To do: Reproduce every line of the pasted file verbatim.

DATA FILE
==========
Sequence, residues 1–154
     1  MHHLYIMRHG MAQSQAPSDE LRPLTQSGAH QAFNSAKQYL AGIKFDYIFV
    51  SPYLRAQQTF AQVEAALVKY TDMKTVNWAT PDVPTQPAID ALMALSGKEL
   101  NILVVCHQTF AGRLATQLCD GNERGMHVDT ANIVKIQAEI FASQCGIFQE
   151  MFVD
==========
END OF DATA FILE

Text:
Sequence, residues 1–154
     1  MHHLYIMRHG MAQSQAPSDE LRPLTQSGAH QAFNSAKQYL AGIKFDYIFV
    51  SPYLRAQQTF AQVEAALVKY TDMKTVNWAT PDVPTQPAID ALMALSGKEL
   101  NILVVCHQTF AGRLATQLCD GNERGMHVDT ANIVKIQAEI FASQCGIFQE
   151  MFVD